Why Do Europeans Have So Many Hair and Eye Colors?
Race; Posted on: 2009-04-08 15:54:58 [ Printer friendly / Instant flyer ]
by Peter Frost
Most humans have only one hair color and one eye color.
Europeans are a big exception: their hair is black but also
brown, flaxen, golden, or red; their eyes are brown but also
blue, gray, hazel, or green. This diversity reaches a maximum in
an area centered on the East Baltic and covering northern and
eastern Europe. If we move outward, to the south and east, we see
a rapid return to the human norm: hair becomes uniformly black
and eyes uniformly brown.
Why this color diversity? And why only in
Europe? Some believe it to be a side effect of natural selection
for fairer skin to ensure enough vitamin D at northern latitudes.
Yet skin color is weakly influenced by the different alleles for
hair color or eye color, apart from the ones for red hair or blue
eyes. Some have no effect at all on skin pigmentation (Duffy
et al. 2004; Sturm and Frudakis 2004).
But why do we see more of this color diversity in Europe than
elsewhere? Perhaps because sexual selection was stronger in
ancestral Europeans, particularly during the long period when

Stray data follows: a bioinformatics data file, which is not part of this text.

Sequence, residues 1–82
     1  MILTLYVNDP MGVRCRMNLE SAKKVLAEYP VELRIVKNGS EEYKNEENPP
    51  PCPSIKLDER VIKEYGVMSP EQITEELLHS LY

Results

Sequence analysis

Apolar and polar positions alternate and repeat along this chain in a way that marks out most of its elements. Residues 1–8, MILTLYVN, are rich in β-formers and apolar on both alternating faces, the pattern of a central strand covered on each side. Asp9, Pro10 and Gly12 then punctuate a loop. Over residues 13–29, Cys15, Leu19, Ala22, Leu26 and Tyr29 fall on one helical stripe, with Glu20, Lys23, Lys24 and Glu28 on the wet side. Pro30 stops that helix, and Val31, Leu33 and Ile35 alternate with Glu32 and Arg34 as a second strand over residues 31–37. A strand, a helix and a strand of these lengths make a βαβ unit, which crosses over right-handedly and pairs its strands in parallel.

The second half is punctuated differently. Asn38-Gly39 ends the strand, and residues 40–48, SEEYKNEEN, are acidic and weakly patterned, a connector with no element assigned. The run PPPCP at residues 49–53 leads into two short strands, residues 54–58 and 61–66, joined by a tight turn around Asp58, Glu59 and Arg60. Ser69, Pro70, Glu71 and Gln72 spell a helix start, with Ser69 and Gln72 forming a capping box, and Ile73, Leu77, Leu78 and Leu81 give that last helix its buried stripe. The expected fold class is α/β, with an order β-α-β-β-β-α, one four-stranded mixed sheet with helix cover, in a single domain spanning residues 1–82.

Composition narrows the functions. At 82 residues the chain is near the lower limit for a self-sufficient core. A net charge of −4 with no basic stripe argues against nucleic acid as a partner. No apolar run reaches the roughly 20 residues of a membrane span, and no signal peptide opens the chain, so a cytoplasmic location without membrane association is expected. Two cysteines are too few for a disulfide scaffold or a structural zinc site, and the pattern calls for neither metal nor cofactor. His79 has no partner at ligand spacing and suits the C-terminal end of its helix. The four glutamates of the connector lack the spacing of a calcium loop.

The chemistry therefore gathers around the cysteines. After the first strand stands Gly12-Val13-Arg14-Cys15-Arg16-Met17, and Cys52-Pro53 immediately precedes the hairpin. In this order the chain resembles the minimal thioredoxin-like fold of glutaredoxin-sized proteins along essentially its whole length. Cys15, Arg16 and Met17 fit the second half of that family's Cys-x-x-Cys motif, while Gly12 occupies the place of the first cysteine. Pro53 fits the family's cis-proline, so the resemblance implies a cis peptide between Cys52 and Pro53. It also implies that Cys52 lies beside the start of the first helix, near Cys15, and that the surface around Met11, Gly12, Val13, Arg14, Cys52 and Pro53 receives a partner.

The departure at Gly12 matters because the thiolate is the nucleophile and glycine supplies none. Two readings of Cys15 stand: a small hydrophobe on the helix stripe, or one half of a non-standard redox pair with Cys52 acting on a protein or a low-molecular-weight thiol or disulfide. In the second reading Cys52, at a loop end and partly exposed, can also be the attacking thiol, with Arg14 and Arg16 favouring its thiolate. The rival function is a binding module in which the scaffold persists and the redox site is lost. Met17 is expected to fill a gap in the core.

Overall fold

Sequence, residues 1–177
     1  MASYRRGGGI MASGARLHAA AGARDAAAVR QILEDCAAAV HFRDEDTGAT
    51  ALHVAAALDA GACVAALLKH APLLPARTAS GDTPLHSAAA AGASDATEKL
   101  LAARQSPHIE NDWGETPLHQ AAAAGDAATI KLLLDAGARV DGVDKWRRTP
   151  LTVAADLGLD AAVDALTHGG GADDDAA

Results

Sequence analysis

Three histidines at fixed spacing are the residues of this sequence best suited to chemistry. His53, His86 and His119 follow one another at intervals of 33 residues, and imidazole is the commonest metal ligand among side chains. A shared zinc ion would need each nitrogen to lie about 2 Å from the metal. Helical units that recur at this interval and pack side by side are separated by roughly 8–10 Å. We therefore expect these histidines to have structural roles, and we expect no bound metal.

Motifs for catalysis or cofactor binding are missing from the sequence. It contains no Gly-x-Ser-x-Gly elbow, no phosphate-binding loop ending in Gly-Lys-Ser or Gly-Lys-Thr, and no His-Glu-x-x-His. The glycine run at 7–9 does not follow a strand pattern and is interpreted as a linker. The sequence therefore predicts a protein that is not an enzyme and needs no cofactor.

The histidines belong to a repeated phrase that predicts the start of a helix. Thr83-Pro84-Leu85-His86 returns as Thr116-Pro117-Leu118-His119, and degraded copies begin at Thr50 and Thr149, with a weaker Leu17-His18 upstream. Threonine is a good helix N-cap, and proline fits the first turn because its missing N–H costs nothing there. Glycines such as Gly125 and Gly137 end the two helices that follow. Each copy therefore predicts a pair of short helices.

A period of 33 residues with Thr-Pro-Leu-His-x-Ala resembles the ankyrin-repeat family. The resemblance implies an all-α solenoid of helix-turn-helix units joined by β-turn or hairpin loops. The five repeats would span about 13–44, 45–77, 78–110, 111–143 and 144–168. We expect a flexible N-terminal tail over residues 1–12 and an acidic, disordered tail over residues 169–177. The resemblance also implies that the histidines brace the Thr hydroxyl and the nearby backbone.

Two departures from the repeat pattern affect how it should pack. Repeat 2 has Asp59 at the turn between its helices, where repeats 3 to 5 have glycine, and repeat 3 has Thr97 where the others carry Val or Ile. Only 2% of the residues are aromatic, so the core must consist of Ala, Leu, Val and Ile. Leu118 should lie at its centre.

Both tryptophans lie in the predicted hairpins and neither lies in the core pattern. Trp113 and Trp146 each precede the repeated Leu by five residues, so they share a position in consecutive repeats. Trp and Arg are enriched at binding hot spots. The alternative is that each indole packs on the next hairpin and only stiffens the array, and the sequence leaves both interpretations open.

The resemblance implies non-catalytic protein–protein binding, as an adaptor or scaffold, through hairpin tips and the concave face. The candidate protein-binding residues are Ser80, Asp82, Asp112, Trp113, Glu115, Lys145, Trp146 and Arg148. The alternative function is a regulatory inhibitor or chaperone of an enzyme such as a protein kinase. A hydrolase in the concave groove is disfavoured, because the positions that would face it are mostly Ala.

they lived from hunting and gathering.
Among contemporary hunter-gatherers, the ratio of single men
to single women is most unequal in "steppe-tundra"
environments where almost all consumable biomass is in the form
of highly mobile and spatially concentrated herbivores such as
caribou, reindeer, or muskox. On the one hand, men die younger
because of the distances they must cover in search of herds, with
no alternate food sources. On the other, men are less polygynous
because they bear almost the full cost of feeding their families
in a habitat that offers women little opportunity for food
gathering. With fewer men altogether and even fewer polygynous
ones, women have to compete for a limited supply of potential
husbands. They are thus under stronger sexual selection.
News Source: globetrotter.net